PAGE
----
Ryan and I recently went on a quick overnight backpacking trip at Afton State Park. A few weeks prior we had been there just to hike and noticed a lot of blackberry brambles, but not many ripe fruits. We figured the critters would have gotten to all the good ones by the time we arrived for our overnight...but we were wrong.
At first we were not sure if they were blackberries or black-raspberries, and didn't really know if there was much of a difference. With a quick google search (at home, not in woods), I identified them as blackberries. Raspberries have a 'rasp' which holds the berry to the vine. When the berry is pulled off the vine, the center is hollow. A blackberry does not have a rasp, and is not hollow when pulled off the vine. Another interesting fact; blackberries are not actuall berries. They are in fact an aggregate fruit.
How to pick blackberries in 3 short steps.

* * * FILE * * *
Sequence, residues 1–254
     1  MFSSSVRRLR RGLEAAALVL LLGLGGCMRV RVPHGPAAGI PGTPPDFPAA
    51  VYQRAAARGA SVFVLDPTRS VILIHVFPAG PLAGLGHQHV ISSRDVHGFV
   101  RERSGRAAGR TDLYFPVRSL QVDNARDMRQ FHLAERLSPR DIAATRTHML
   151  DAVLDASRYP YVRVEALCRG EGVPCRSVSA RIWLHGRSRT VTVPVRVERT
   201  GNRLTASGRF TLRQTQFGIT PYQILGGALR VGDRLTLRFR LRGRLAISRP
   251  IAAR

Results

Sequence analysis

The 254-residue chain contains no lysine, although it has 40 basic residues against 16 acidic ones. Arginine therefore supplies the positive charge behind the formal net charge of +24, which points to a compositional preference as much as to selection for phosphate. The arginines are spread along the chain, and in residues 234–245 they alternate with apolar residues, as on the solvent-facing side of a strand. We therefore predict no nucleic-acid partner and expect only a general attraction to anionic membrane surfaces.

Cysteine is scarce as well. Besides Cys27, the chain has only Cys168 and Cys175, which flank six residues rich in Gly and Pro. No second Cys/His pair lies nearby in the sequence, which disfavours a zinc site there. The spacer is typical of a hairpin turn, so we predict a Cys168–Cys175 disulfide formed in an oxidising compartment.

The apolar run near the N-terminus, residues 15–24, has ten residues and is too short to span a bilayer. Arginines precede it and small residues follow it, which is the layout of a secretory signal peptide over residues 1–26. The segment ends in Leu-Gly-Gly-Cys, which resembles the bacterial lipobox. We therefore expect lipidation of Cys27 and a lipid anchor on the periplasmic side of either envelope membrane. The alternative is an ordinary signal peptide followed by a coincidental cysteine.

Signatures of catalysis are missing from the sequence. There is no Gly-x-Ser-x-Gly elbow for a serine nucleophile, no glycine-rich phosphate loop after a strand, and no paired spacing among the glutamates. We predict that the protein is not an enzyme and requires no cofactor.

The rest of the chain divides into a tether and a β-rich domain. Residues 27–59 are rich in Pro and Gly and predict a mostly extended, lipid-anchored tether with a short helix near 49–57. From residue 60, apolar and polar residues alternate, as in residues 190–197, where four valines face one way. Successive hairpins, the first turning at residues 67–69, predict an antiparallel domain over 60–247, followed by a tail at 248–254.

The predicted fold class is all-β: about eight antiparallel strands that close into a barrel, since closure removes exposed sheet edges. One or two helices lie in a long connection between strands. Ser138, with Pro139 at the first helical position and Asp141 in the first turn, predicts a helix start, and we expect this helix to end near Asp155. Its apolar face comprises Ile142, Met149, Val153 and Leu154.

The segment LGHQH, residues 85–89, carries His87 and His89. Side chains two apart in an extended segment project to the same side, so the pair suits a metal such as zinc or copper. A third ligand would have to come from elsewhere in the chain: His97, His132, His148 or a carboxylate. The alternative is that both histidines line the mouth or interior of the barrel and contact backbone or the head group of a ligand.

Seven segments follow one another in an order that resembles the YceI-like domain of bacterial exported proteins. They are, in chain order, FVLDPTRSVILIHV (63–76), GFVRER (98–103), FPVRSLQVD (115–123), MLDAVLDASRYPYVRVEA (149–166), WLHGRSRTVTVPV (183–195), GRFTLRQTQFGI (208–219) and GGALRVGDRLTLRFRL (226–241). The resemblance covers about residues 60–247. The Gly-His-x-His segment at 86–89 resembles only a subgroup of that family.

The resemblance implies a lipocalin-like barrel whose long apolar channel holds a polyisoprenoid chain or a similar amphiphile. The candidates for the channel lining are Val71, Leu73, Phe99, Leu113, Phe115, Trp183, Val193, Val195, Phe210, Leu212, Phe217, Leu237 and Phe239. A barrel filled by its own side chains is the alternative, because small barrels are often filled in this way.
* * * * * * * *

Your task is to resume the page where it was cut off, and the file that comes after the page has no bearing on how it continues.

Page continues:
Enter blackberry bramble avoiding thorns, poison ivy, and nettles.
Gently pluck ripe berries, avoiding spiders and other insects.
After eating a handful of berries, we used Ryan's bandana to cary about a 2 pints worth of berries back to camp. Ryan wanted to use his hand to demonstrate just how much we picked. We did eat a few for breakfast with instant coffee the next morning, but most of them we took home. Ryan enjoyed putting them on his yogurt, I just ate them with a little heavy cream.
Why eat blackberries? Besides being delicious they are high in many antioxidants including: tannins, anthocyanin, quercetin, and ellagic acid.
A cup of berries contains only 15g of carbohydrate and whopping 8g of fiber! Berries are also high in vitamin C (50% DV), and vitamin K (36% DV)
The blackberries were much more nutritious and satisfying than our 'lazy camper' meals. Too much carbohydrate, and not enough fat. I felt bloated and burped more than I have in months. Gross. Not something I feel like repeating anytime soon. Also, the dehydrated onions made for a stinky night in the tent. Next time we're bringing tuna packets, instant rice, and veggies.